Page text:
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I enjoy the occasional hot drink, but place it below a small fan in order to cool it to a drinkable temperature. Unfortunately, as expected, I commonly forget about my drink, and it ends up very cold.

In fact, it ends up so cold that it feels much colder than I would expect given my relatively warm room ($\sim \mathrm{25^\circ C}$). However, this could be an illusion caused by room temperature still being less than body temperature, or the mug being fairly cold.

I’m wondering if the fan is able to cool the liquid below room temperature. I’m aware that evaporation works on the warmest molecules, and leaves the remaining liquid cooler, but I’m not sure that it can ever become cooler than the surrounding air temperature?

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    $\begingroup$ See en.wikipedia.org/wiki/Evaporative_cooler $\endgroup$ – PM 2Ring May 31 at 22:24
  • $\begingroup$ Re, "this could be an illusion caused by..." and also, the heat capacity of the liquid. If you touch styrofoam that's colder than your skin, it won't feel cool at all because it's surface will almost instantly warm up to your skin temperature. Styrofoam has a very low heat capacity (i.e., it takes little energy to warm it up,) and it is a good insulator, so the heat at it's surface won't be "sucked" away. Touching cool water is a whole other story because it takes a lot of energy to raise the temperature of the water, and it conducts heat better than the foam. $\endgroup$ – Solomon Slow May 31 at 22:24
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    $\begingroup$ I would be interested if the poster could get an (accurate) thermometer and actually perform the experiment for themselves, and return the result here. I am not so convinced there is actually likely to be any practical cooling (of say more than a degree) of the liquid as the answers suggest, but I have been told my assumptions on this are wrong on "several levels", so I would be more than happy to be proven wrong. $\endgroup$ – MC2k May 31 at 23:05
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    $\begingroup$ @MC2k I do have both an internal air thermometer and a meat thermometer (which should work for the water). I’m unsure on the accuracy of these, so the effect might be masked, but tomorrow I’ll give it a go. $\endgroup$ – Tim May 31 at 23:16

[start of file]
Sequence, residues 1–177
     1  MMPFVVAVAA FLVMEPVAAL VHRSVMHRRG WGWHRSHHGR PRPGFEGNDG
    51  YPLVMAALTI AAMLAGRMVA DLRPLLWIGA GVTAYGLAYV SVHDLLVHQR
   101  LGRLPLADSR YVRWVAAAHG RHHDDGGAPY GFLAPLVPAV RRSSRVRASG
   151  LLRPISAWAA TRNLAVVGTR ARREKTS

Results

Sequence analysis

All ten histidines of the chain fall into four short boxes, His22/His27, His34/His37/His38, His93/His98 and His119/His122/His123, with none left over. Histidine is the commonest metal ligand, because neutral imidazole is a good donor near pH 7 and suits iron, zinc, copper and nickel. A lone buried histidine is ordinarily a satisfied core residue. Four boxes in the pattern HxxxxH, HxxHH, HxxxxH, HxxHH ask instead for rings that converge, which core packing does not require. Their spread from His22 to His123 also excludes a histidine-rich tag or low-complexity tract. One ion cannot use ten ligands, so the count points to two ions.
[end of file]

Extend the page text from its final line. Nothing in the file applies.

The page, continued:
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    $\begingroup$ If this didn't work, neither would sweating when it's +37C outside. Humans would just die in that temperature otherwise. $\endgroup$ – J... Jun 1 at 16:40

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Yes, as other answers have stated, the temperature could drop below room temperature through evaporative cooling. In fact it could get as cold as the wet-bulb temperature of the air in the room. If you know the temperature and humidity of the air, you can figure out the wet-bulb temperature by using a psychrometric chart:

Psychrometric chart

Find your room temperature on the green "Dry Bulb Temperature" scale and the room relative humidity on the red "Relative Humidity" scale. Locate the point where they meet, and read off that position on the light blue "Wet Bulb or Saturation Temperature" scale. For example, if the room temperature is 25°C and the relative humidity is 30% (which you indicated), the lowest temperature your drink could reach by evaporative cooling would be roughly 14°C. If the air was completely dry however (relative humidity 0%), it could reach about 8°C.

This does not necessarily mean that your drink will reach that temperature. It may require a large air flow, a large evaporation surface, and considerable time to actually reach the wet bulb temperature.

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Yes, it can become cooler than room temperature. The fan blowing on the liquid surface acts like the evaporation stage in a refrigerator. There's no recycling of the vapour by condensation as in a refrigerator, but that's clearly not important here!